How to Create an Overworked, Underpaid—but Fully Engaged—IT Workforce (Pt1: A Tale of Two IT Leaders)

PROductivityBoost_HowToDevelopWe can all agree the IT professionals on your team deserve to be highly compensated and provided with a manageable amount of fascinating work that will give them the opportunity to contribute their fullest talents without having to put in more than the standard 40 hours a week on the clock.

That being said…

As an IT leader, you don’t always have enough resources, enough fascinating work, or enough staff to create optimal conditions for your team. When the business begins tightening its belt, IT is often the first department to feel the pinch. And when your IT department gets squeezed, you will need to manage your team through reduced headcount, long hours, consolidated positions, a reduction in bonuses, and pay below fair market value for their contribution.

These lean times are inevitable. Every IT leader—at least once in her career—will experience these conditions.

But not every IT leader responds the same way to these conditions, and the IT leader who learns how to not merely survive—but thrive—during lean times sets herself up for a career resilient to the larger economic forces moving through her organization.

A Tale of Two IT Leaders

Bob and Jane are both mid-level IT leaders who work for a large organization with a new CEO. This new CEO is the slash-and-burn type. Lots of mandates for budget reductions, and the IT department finds itself forced to cut a substantial volume of its workforce without reducing functionality. Many of the upcoming projects everyone was excited about have also been eliminated. In short—things look bleak.

Faced with this situation, Bob does what any average IT leader would do—he tells his remaining team members to put their heads down and grind forward until things get better.

This approach seems sensible. It’s not like Bob can to barge into the new budget-slashing CEO’s office and demand extra resources. Even a highly influential CIO has little room to push back when the CEO says “Cut!”… and Bob is certainly not the CIO.

Given this realistic picture of his standing in the organization, it’s hard to fault Bob for just trying to shuttle his team through this ordeal without demotivating or outright losing too many of his top people.

But just because you can’t fault Bob for his “heads down” approach, that doesn’t mean he’s tackling these lean times optimally.

After all, Jane also is not the CIO, and she also doesn’t wield significant influence in the organization, but she’s approaching these lean times very differently than Bob. She understands the realities of constrained resources, but she looks for creative solutions to ensure her team remains as engaged as possible with the work they have in front of them. She also finds low-to-no-cost ways to keep her people feeling valued for their contribution without substantial financial rewards. Staying on this path, Jane has a good chance of keeping all of her people fully engaged throughout this ordeal.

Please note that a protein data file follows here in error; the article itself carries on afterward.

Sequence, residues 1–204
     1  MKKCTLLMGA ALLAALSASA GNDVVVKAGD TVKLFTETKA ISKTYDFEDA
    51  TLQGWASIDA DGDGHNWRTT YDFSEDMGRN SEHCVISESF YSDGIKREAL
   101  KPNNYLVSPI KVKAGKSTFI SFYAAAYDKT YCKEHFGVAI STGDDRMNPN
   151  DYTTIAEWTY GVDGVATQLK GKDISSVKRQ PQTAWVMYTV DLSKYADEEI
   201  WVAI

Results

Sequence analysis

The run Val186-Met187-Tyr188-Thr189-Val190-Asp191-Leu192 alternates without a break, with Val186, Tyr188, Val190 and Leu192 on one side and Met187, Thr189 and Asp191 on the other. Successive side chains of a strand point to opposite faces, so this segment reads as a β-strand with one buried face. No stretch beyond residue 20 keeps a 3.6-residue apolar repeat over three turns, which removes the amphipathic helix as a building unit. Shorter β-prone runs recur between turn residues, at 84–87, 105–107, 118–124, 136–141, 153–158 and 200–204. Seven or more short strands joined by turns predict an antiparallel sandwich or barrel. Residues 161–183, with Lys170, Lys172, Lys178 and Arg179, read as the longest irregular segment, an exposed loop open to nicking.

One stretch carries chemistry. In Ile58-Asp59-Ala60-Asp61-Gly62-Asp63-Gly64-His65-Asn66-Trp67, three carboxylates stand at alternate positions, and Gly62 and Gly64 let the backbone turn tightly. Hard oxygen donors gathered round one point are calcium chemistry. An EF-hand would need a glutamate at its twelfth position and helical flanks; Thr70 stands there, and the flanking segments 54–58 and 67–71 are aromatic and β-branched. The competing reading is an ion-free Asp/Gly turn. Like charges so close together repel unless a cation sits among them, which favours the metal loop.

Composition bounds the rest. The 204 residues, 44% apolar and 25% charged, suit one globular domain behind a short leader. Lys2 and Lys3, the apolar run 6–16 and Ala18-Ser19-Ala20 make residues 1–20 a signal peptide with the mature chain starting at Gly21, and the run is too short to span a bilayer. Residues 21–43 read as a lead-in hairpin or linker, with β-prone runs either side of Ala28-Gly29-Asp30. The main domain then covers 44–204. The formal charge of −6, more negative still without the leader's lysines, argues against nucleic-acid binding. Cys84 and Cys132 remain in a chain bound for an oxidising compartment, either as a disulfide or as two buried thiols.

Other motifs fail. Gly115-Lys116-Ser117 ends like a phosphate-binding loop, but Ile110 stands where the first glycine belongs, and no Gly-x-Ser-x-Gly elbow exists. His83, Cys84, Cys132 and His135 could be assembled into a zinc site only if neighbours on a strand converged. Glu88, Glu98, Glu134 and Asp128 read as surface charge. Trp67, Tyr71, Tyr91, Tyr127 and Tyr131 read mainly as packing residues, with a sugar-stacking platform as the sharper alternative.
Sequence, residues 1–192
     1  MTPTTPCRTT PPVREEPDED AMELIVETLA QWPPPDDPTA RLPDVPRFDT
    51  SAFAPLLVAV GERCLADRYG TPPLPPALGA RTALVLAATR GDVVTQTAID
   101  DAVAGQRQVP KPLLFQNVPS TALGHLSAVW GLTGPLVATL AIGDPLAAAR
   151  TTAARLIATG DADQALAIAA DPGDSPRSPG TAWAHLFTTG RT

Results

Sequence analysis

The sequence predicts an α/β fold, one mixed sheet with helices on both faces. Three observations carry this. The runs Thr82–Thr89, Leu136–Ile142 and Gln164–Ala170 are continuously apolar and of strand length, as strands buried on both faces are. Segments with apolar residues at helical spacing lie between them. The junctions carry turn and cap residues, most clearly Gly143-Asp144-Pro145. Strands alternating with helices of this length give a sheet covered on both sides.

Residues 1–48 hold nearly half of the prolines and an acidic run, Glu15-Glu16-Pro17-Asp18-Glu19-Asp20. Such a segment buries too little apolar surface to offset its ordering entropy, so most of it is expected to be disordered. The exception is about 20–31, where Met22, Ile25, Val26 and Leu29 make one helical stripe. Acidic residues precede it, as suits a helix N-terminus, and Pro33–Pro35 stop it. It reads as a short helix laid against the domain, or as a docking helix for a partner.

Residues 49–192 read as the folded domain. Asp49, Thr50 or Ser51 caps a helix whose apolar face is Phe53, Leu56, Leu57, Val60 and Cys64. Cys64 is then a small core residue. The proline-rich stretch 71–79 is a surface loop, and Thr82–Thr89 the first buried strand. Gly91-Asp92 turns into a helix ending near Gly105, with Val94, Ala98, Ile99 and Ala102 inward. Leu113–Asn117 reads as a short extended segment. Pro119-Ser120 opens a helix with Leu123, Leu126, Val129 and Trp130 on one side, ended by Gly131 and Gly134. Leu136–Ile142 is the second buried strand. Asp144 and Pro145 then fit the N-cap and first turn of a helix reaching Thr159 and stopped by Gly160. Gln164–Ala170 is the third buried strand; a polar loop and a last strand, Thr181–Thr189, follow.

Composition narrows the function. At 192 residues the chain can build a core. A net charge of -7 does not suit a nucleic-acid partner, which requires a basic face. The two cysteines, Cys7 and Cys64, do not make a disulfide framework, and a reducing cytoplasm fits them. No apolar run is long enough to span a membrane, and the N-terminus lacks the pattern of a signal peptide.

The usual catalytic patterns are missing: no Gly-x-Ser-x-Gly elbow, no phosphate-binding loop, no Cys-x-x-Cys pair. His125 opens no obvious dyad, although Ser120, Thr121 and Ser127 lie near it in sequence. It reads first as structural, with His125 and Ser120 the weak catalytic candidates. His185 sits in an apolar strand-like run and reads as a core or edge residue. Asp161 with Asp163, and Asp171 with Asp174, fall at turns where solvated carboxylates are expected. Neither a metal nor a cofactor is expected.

Why Will Jane Thrive During these Lean Times,

While Bob Will Just (Hopefully) Survive Them?

One factor is Jane’s ambition. The minute she resolved to make the most of hard times was the minute she started brainstorming creative solutions to the problems in front of her. Sometimes, simply asking the right questions—instead of sitting down and accepting the doom-and-gloom—is enough to find ways to upgrade a bad situation into a good situation.

But on top of holding ambition, Jane also knows a few things about leading people that Bob doesn’t realize:

Jane knows her team members don’t need to be fascinated by their assignments to be happy with their work, and that an increased workload of boring-but-necessary assignments can feel engaging when it’s assigned—and communicated—the right way.

Jane also knows that bonuses and raises are not primary motivators for the IT pros under her, and the feelings of being valued that these big compensation bumps offer can be produced in non-financial ways that speak more directly to what IT pros really desire.

These two mindset shifts—fully absorbed and tactically applied—can make all the difference. Holding them close, Jane realized that lean times aren’t an excuse to just skate by with fingers crossed, but lean times offer the opportunity to refocus on the fundamentals of IT leadership and team management.

Next week, we’ll dive into the first mindset shift and set of tactics ambitious IT leaders like Jane deploy during lean times to keep work engaging when exciting projects are off the table. But for today you have one simple assignment that will remind you that lean times don’t always have to be hard times. Ask yourself:

“Was there a time in my entire working career when I felt fully engaged and fully valued when I was working a bit too much, and getting paid a bit too little?”

Spend a couple minutes thinking about why you felt engaged and valued during this resource-scare situation, and write down what made those lean times feel rich.

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